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New sexual-health program focuses on girls in foster care

This article first appeared in the St. Louis Beacon, Dec. 6, 2010 - Health professionals in St. Louis are paying closer attention to the sexual health of girls in foster care because data show that about half of them become pregnant or give birth while they are still teens, according to Dr. Katie Plax, a specialist in adolescent medicine at Washington University.

 

Plax leads the Pregnancy Prevention Initiative, which will address pregnancies and sexually transmitted diseases among foster care girls in St. Louis and St. Louis County. The program should be fully operational by next fall. She says the pregnancy rate among these girls is comparable to numbers throughout the country. But the rate is still alarmingly high in light of St. Louis' overall teen pregnancy rate of 17 percent. The national average is 12 percent.

Plax says the girls will get medical services at the SPOT, Supporting Positive Opportunities with Teens, a drop-in teen health center where she is medical director. The center offers young men and women help with a range of issues, including sexually transmitted diseases (STDs). In some cases, Plax says, girls in foster care were found to have been sexually or physically abused.

"Ongoing medical care was a huge issue," Plax said. "Some of these kids often have not seen a doctor for years, or even received checkups, or even had their eyes checked when they need glasses to read and succeed in school. Those are some common occurrences that we see."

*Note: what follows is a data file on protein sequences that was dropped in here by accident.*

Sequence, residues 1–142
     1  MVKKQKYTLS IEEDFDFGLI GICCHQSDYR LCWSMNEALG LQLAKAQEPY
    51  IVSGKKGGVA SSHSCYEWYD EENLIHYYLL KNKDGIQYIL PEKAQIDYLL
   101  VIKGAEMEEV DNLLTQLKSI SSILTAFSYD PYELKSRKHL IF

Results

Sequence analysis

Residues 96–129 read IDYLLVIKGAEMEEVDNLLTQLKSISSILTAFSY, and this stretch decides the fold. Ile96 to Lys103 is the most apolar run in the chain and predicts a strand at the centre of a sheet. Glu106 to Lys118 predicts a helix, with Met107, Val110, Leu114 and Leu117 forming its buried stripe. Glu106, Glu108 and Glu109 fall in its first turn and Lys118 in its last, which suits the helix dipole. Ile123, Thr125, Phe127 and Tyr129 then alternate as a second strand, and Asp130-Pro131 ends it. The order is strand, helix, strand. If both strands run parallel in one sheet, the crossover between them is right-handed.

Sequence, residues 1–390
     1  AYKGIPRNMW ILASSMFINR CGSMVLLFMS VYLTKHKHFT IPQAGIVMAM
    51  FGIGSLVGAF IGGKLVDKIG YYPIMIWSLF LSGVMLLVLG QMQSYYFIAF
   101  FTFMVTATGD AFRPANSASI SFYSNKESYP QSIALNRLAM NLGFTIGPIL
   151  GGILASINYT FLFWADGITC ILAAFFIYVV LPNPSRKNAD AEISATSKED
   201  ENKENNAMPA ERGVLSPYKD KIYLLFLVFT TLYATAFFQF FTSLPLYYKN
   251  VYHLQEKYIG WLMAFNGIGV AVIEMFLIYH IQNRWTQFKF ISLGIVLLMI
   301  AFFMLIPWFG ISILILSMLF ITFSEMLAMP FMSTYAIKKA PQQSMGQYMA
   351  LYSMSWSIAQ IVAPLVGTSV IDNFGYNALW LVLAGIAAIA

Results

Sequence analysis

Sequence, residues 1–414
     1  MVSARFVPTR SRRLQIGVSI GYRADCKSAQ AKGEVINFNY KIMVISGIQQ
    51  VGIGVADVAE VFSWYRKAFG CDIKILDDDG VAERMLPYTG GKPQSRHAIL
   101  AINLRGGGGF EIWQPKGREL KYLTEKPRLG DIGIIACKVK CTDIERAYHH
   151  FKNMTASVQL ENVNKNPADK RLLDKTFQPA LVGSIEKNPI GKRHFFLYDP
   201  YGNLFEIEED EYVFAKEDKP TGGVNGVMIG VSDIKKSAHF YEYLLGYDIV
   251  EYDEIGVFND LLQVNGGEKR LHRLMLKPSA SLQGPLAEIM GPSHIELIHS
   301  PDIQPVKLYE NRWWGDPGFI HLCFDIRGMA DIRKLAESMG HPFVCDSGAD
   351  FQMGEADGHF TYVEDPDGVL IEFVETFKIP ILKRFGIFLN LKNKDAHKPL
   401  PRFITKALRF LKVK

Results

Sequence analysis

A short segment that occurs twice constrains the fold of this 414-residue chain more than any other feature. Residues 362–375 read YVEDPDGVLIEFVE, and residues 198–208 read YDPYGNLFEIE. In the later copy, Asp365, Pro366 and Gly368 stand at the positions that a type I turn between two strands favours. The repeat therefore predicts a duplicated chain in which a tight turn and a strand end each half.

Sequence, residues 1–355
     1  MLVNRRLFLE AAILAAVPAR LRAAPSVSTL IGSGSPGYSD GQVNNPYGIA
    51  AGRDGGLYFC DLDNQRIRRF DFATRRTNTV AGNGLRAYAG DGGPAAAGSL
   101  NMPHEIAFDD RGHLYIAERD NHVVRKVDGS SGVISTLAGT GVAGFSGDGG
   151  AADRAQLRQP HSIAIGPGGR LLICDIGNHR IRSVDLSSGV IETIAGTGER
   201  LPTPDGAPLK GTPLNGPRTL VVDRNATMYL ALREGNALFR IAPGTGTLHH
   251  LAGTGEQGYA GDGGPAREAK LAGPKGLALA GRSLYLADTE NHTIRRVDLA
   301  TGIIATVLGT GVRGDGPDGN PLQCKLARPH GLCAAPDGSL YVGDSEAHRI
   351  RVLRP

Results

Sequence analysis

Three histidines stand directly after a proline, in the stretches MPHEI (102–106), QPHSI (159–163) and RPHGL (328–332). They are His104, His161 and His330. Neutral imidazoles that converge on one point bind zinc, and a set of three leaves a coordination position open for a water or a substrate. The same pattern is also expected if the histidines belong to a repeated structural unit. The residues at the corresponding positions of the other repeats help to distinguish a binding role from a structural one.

Plax says the program would serve about 600 teens in foster care or aging out of foster care in St. Louis and St. Louis County.

"We will use a proven program with these young women to help them prevent unwanted pregnancies and reduce the risk of contracting sexually transmitted diseases," Plax says.

Health educators at the SPOT will use what's known as a safer sex intervention model, Plax says. It's a three-part program designed to increase condom use, reduce risky sexual behaviors and prevent recurrent STDs among female adolescents. The girls also will also be allowed to take part in the contraceptive choice project, a Washington University research study that involves free contraception. The girls also will all receive comprehensive medical exams to determine their health needs.

"Kids who go into this (safer sex) program tend to have fewer partners and fewer STDs," she says. "I feel that we're using the best evidence to affect the numbers. We're really determined to reach out to make it better for youths by giving them better health care and health advice."

This story was written with the assistance of the Dennis A. Hunt Fund for Health Journalism, which is administered by the California Endowment Health Journalism Fellowships, a program of USC's Annenberg School for Communication and Journalism. Funding for health reporting is provided in part by the Missouri Foundation for Health, a philanthropic organization whose vision is to improve the health of the people in the communities it serves.

Robert Joiner has carved a niche in providing informed reporting about a range of medical issues. He won a Dennis A. Hunt Journalism Award for the Beacon’s "Worlds Apart" series on health-care disparities. His journalism experience includes working at the St. Louis American and the St. Louis Post-Dispatch, where he was a beat reporter, wire editor, editorial writer, columnist, and member of the Washington bureau.

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